Interdependent Web: Prayer ablaze

Interdependent Web: Prayer ablaze

A weekly roundup of blogs and other user-generated web content about Unitarian Universalism


Prayer ablaze

Alison Leigh Lilly writes that sometimes she wants prayer that is more than a simple candle flame.

Sometimes what I want is a wild fire. A fire that roars. A fire that beats at the air with its bright fists clenched. Sometimes I want prayer like a fire that claims everything it touches. Prayer that ripples out across the rough dark surface of the world like music spilling down endlessly from the night sky, carrying the stars with it. Prayer that rolls over the vaulted ceiling of the heavens with thrilling impossible lightness — a fire round and hot like laughter, dragging the lush purples of faraway galaxies in its wake. (Holy Wild, April 28)

The work of love

The Rev. Dr. Victoria Weinstein shares examples of how ministers love their congregations—by sending their spirits over the community.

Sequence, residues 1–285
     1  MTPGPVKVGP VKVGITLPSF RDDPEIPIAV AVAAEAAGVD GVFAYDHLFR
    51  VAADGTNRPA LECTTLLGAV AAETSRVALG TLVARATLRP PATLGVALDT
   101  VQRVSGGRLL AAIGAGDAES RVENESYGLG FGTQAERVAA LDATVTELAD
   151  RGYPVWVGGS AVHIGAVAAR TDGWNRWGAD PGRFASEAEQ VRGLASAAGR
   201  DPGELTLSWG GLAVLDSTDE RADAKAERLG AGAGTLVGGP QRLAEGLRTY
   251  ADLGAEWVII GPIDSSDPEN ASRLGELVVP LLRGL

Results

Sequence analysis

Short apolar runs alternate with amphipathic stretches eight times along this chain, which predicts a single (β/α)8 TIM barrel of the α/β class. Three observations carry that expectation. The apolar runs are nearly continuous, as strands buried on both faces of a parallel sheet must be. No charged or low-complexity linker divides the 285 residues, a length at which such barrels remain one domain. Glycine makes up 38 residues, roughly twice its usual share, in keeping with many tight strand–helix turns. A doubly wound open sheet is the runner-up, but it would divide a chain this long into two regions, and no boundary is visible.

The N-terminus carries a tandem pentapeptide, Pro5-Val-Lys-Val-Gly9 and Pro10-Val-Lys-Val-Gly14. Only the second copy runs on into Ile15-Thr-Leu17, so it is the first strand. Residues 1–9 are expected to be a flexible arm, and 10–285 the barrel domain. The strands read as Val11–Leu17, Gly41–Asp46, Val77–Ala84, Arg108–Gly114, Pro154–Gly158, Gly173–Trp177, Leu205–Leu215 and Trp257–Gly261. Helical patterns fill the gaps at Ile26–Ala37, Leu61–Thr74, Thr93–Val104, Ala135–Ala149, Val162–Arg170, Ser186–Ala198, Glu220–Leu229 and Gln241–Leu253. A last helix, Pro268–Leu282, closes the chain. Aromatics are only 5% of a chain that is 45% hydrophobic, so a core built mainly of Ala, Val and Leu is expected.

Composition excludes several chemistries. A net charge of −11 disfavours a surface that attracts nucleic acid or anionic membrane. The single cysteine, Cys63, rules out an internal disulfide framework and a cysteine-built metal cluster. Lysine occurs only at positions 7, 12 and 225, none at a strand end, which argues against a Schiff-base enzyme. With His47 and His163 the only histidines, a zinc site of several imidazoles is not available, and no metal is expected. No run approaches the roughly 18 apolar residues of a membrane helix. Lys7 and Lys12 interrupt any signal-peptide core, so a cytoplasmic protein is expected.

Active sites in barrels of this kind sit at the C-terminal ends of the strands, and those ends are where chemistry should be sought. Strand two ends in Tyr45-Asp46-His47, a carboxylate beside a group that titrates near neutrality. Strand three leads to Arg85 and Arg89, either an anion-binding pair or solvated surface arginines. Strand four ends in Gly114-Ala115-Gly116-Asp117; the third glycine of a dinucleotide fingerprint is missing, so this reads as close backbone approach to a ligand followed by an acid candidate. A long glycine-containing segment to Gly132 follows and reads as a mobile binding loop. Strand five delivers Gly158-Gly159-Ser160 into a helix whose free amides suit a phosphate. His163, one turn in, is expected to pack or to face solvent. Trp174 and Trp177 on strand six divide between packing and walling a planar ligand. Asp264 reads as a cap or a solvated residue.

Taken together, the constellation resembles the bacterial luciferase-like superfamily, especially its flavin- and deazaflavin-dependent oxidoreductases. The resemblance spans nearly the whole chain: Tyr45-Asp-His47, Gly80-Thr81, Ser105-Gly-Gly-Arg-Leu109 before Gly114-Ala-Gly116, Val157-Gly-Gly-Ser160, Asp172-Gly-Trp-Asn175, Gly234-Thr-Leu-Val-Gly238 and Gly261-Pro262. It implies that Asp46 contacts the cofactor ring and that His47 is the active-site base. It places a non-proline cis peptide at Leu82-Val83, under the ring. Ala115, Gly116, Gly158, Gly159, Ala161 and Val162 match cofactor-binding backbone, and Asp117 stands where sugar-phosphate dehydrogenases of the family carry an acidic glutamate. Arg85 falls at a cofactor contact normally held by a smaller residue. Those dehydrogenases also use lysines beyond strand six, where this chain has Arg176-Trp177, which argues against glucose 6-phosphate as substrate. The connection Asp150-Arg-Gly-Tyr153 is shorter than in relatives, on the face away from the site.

How many times do you sit with fingers on the keyboard, composing a sermon, and stop, feeling with an invisible part of yourself for the contours of what you must say next? You tilt your head to the right or to the left and stare out the window and listen, knowing only that your own take on the gospel message is too little, too limited, there is someone you are forgetting, someone’s life and reality and truth that is not being included and you need help remembering whose it is and what it is.

You are sending your spirit out over your congregation. (Beauty Tips for Ministers, April 24)

The Rev. Andrew Weber faces a choice when his child vomits.

I could try to pick him up carefully and run him to the bath tub, I could go and get a towel and wrap him in it . . . but I thought about what was the most important. And the most important in that moment was to comfort my son. So I picked him up and let him lie on my shoulder and cuddle with me. The floor was gross, his clothes were messy and now mine were too. But love was given and received. (Drive Like a Minister, April 25)

The Rev. John Morehouse remembers riding with a long-haul trucker whose story of transformation inspires his own.